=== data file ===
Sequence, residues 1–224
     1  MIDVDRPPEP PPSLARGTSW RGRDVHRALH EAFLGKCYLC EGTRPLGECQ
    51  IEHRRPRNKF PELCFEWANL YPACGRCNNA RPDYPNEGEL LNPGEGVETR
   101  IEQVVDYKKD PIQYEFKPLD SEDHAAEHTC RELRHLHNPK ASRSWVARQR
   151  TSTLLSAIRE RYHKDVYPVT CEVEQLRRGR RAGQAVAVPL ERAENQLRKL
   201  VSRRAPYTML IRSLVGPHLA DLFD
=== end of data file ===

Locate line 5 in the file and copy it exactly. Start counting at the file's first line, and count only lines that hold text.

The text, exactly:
   151  TSTLLSAIRE RYHKDVYPVT CEVEQLRRGR RAGQAVAVPL ERAENQLRKL